Kamakura (鎌倉市) – Japan’s first Shogun capital

In 1185, the Minamoto clan defeated the Taira clan during the Gempei War. Minamoto Yomitoro was appointed as Shogun in 1192 and established the headquarters of his shogunate in Kamakura, on the southern coast of Japan. In 1221, the Hojo regents who ruled from Kamakura defeated the Imperial army in Kyoto, and took control of all Japan. Kamakura was the Japanese capital until 1333, when emperor Go-Daigo was able to regain control, and the seat of power returned to Kyoto.

My husband loves the samurai history of Japan, and when he read about Kamakura in one of his history books, we had a look online and saw that it is a really beautiful place, right on the sea, with lots of things to see and do.


And so, we decided to spend a couple of days at the seaside on our last trip to Japan.

We booked in at the Kamejikan (かめじかん/亀時間) guest house, not far from Zaimokuza Beach, which was the main port for Kamakura in the 13th century. Kamejikan has been refurbished and is run by a Buddhist collective of friends. The name means Turtle Time and the ethos is one of slowing down and enjoying life as it comes. Everything at the ryokan is turtle themed, from the eclectic mix of key rings, to the turtle design stamped onto cushions or pasted onto the paper room dividers.


We travelled to Kamakura from Kyoto, taking the Shinkansen to Shin-Yokohama and then changing to a local train to Yokohama and then another local train to Kamakura. We did well, despite travelling on a Saturday and the Shinkansen being really busy, until we arrived at Yokohama station and started to see the unexpected – train cancellations and delays on the electronic boards above the platforms. We waited on our platform to catch the 13.49 to Kamakura. 30 minutes passed and no train came, and then it was cancelled. The wind was blowing a gale across the platforms and it was difficult to stay upright at times, so we knew the reason for the delays! Apparently a typhoon was blowing in across Tokyo Bay and the lines along the coast were flooded in places. I managed to use my Japanese to ask a station guard when the next train to Kamakura would leave (what I said was “鎌倉に次の電車は何時ですか” – it seemed to work), and he pointed us to a train heading for Zushi. Instead of continuing on, though, it stopped in Ofuna and we had to change again for a train we could have caught at Yokohama if we’d just waited 5 minutes! It was an experience, that’s for sure. Train travel in Japan is easy when nothing goes wrong. Not having good enough Japanese makes it harder when things don’t go to schedule! My repeated asking of “この電車は鎌倉に行きますか” didn’t always get a response. Perhaps it was my accent…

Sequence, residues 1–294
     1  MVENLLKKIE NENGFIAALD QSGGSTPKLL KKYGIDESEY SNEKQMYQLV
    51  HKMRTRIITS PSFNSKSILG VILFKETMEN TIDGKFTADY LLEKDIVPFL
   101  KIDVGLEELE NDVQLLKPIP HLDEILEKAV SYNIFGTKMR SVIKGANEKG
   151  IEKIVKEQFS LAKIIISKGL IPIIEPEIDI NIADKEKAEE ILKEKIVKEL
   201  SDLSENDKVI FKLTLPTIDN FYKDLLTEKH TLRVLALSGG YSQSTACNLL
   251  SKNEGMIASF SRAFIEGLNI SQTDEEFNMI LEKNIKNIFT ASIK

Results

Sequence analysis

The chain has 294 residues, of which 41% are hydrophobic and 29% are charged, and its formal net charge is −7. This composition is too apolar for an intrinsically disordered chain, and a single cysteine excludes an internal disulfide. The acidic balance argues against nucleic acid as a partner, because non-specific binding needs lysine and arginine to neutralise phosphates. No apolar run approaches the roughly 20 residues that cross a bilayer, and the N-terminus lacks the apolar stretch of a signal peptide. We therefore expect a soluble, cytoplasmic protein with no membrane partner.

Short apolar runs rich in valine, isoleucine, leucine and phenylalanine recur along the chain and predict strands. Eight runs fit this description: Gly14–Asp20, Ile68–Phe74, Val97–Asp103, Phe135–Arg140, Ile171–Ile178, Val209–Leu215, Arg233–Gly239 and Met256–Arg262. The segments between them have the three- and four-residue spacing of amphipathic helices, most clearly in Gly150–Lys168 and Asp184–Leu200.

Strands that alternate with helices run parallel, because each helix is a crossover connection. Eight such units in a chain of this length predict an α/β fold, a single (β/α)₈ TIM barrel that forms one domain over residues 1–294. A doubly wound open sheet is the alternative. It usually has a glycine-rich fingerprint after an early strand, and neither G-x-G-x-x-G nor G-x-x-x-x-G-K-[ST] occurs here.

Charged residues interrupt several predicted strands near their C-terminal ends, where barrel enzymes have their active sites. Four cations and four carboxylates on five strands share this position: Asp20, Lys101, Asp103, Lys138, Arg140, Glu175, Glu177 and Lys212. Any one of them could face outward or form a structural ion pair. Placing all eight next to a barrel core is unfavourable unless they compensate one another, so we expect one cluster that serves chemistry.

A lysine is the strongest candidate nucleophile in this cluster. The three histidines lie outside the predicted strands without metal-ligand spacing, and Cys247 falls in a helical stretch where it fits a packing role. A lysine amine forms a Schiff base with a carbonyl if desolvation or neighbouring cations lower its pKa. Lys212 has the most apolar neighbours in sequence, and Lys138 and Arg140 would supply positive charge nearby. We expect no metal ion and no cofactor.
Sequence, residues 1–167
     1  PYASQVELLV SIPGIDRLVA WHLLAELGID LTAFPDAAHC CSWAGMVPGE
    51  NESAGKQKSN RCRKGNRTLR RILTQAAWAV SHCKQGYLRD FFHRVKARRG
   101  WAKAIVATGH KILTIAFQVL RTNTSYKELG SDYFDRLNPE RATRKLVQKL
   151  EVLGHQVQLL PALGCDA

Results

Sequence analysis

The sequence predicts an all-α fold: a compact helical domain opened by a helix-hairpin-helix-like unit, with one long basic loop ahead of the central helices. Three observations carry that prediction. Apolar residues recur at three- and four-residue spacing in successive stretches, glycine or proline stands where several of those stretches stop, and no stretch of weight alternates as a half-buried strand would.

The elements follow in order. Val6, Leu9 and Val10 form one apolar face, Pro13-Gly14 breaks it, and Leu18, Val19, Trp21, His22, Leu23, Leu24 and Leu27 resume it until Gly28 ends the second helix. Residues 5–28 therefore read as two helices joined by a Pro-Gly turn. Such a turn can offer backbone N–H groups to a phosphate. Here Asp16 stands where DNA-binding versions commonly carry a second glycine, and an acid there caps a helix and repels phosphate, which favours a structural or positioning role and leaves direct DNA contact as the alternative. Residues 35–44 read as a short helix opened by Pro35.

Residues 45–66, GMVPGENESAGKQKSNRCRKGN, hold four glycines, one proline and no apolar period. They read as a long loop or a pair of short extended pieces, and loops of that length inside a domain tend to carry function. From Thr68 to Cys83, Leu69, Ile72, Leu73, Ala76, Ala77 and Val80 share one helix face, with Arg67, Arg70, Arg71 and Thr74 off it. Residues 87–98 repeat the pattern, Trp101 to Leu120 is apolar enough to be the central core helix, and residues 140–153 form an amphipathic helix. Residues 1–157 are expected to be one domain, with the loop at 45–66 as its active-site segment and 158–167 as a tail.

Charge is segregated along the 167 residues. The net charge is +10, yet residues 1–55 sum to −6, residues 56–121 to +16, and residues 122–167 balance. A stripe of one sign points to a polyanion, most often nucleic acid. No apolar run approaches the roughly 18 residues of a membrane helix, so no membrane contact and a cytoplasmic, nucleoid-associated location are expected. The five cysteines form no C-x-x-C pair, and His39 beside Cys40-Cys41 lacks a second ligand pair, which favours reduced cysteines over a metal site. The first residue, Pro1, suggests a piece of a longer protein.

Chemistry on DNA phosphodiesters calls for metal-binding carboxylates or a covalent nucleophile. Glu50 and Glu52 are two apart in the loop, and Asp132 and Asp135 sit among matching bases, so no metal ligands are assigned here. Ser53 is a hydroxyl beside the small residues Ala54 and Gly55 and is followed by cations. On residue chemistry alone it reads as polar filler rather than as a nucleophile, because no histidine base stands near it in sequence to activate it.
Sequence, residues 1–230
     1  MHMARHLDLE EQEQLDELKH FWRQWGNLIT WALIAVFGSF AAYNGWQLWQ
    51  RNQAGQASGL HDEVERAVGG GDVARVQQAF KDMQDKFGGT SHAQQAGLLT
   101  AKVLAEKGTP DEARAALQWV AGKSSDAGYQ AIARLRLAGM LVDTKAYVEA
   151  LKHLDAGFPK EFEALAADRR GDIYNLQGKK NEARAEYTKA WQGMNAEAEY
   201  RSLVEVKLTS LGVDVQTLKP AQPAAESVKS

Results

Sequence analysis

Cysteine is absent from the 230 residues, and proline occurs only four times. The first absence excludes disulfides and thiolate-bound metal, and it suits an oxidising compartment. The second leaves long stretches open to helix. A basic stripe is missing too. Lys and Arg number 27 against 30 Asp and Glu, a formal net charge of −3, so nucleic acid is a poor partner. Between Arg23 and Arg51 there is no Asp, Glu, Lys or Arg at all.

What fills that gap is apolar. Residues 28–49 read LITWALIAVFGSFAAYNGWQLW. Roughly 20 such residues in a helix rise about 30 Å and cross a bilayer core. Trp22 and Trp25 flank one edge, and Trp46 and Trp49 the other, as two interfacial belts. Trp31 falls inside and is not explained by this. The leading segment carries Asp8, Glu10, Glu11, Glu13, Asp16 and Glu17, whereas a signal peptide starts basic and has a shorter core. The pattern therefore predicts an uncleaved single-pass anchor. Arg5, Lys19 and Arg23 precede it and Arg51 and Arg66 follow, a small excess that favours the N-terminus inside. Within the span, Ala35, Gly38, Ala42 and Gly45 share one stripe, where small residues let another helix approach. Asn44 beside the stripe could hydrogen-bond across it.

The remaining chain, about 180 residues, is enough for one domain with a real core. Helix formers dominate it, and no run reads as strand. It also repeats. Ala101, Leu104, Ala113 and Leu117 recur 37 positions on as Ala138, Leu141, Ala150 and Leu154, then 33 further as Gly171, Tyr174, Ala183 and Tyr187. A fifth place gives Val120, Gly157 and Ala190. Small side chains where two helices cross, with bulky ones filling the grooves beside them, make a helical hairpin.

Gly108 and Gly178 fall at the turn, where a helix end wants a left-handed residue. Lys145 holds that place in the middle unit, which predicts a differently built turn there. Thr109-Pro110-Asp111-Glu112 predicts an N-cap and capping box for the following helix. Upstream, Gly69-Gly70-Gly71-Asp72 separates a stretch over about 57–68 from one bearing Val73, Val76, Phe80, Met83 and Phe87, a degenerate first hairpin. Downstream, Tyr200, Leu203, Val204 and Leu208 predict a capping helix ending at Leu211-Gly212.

We took the bus to the guest house, and were on the edges of our seats for most of the journey trying to work out from the electronic display how many coins we would need to put into the payment slot at the end of the journey. We had only ridden on the flat fare buses in Kyoto at that point, and watching the changing numbers on the display without understanding what they meant left us a little fraught. We worked it out, though – we were the last stop on the circular route and so we paid the price from the first stop on the route, at the station. When we arrived at Kamejikan, the staff were very concerned that we had been so delayed and worried that we had been caught up in the typhoon. They took us to our room and showed us around the amenities and explained how things worked with the communal area.

The guesthouse is a 3-5 minute walk from Zaimokuza beach, so after we had unpacked, we decided to take a stroll along the shore. The weather was improving, although there were still some dramatic dark clouds over Kamakura town to the west.

We walked along the beach, watching people beach-combing and gazing out to see. There was lots of evidence of surfing being a big thing in the town.


As we walked up from the beach to the roadway, we saw a timely reminder of the events of the previous year in Sendai: